There will be six problem sets assigned during the course (see the course calendar for exact due dates). These will be extended assignments that will take you more than one sitting to complete, so don't wait until the last minute to start them. Most problem sets will include a programming portion, and this always takes three times as long as you think it will, so this really means you need to start it early. I will give out the assignment the week before it is due so that you have time to ask questions or come to office hours before it is due. Please be sure to take advantage of this.
Read the cover sheet for each problem set when you get it. This will remind you of the terms of the problem set. In particular, you should not discuss the problem set with anyone but the course instructor.
You should use the following guidelines for the solutions that you turn in:
You should write in complete, English sentences when you write up your solutions (both the inclass and takehome portions); since mathematical notation is shorthand for English words, you can incorporate these into your sentences, but you must explain what you are doing as you do it. Many students feel at first that this is extraneous, but it is precisely this that should be central to your learning process.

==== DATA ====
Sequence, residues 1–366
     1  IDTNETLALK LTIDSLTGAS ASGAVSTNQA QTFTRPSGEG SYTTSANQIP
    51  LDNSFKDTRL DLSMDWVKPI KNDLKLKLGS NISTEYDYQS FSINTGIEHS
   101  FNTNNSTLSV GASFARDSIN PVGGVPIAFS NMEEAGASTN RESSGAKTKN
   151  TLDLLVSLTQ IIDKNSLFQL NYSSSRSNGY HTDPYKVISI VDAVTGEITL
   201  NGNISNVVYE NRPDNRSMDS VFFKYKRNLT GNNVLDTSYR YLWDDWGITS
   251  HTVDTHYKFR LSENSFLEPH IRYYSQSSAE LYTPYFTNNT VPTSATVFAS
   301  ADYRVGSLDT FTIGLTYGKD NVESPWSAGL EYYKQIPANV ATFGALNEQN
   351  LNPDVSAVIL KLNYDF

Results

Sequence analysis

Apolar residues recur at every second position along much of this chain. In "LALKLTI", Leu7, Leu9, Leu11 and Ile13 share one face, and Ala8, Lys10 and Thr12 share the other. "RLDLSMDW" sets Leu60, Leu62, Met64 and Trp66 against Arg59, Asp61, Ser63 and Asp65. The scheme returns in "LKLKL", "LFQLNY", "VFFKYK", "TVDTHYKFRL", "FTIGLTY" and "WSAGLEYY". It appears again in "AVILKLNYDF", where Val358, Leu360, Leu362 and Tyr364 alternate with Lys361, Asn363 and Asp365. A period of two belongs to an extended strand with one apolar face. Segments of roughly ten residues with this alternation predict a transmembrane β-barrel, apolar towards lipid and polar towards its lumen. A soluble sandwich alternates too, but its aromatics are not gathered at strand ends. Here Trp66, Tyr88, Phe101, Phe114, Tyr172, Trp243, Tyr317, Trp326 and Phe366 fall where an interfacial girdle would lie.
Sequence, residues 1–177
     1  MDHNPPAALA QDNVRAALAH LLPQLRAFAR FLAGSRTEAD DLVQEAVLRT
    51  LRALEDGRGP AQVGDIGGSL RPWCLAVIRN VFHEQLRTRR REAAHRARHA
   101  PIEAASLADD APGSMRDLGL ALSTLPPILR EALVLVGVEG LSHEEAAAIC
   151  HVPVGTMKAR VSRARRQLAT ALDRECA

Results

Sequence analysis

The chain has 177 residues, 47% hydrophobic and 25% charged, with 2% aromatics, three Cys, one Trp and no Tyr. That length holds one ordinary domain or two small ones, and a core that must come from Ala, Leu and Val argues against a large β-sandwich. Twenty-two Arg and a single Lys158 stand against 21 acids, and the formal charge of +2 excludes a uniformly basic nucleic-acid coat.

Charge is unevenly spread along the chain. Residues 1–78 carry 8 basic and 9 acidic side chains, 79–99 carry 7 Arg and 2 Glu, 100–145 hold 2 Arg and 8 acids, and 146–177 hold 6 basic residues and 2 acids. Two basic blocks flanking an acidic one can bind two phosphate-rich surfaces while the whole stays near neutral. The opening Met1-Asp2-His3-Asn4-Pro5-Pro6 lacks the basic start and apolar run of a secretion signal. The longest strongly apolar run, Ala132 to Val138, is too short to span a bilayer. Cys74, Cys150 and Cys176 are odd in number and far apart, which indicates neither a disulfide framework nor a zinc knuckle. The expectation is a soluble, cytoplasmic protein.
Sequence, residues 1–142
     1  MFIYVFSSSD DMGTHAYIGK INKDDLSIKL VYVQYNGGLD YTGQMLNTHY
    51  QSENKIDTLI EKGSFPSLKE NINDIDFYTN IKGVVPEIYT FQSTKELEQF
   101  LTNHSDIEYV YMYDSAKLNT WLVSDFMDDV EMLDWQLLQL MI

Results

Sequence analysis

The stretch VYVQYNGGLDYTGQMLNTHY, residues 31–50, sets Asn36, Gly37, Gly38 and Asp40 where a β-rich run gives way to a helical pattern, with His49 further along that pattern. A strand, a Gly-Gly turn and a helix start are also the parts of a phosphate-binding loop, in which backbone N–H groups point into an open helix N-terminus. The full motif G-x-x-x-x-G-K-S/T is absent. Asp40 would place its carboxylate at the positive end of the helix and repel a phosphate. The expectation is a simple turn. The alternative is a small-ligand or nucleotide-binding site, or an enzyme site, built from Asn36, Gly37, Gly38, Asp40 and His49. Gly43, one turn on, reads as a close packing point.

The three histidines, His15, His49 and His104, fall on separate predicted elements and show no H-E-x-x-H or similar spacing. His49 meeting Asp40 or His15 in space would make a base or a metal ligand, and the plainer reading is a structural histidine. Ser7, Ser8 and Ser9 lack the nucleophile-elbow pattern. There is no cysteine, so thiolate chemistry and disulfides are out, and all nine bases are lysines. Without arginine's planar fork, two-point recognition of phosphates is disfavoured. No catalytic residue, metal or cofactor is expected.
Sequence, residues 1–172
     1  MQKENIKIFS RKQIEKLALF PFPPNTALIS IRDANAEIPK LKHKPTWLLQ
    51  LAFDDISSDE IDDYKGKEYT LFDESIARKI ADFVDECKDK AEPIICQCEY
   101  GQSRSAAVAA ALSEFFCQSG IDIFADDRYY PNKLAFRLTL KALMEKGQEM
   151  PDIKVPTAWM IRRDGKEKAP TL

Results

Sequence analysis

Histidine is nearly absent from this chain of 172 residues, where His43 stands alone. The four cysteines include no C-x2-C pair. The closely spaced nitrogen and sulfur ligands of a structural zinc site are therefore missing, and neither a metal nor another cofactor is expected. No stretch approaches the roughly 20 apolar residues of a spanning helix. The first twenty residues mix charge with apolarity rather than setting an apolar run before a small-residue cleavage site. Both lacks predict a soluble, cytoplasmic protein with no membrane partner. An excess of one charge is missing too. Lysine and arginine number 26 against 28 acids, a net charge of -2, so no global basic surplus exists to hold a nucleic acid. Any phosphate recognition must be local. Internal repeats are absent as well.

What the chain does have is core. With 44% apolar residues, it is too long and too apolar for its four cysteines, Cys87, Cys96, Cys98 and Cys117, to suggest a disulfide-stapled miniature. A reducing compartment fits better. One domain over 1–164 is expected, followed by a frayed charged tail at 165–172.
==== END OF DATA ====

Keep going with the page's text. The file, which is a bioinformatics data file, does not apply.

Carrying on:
Please staple your pages together, and trim the left edge if they are torn out of a spiral notebook. Unstapled or ragged pages will not be graded.
Your solutions are due at the beginning of class. Late papers will count as a zero.
Please print on only one side of the paper, clearly and legibly.
Please leave some space in the margins or between problems for my comments. Begin each problem on a new page.
Do not use graph paper except for graphs. Use lined paper for written work.
Copies of the best solutions will be made available in a notebook outside my office, as will any solution that I write up myself. See the discussion of the course notebook for more information.
While you may work with other students on homework problems, the problem sets are to be done independently. You may not discuss the questions with anyone except the course instructor until after the problem set has been handed in. The cover sheet for each problem set will remind you of this policy.
See the discussion of the grading policy for the percentage of your grade that will come from your problem sets.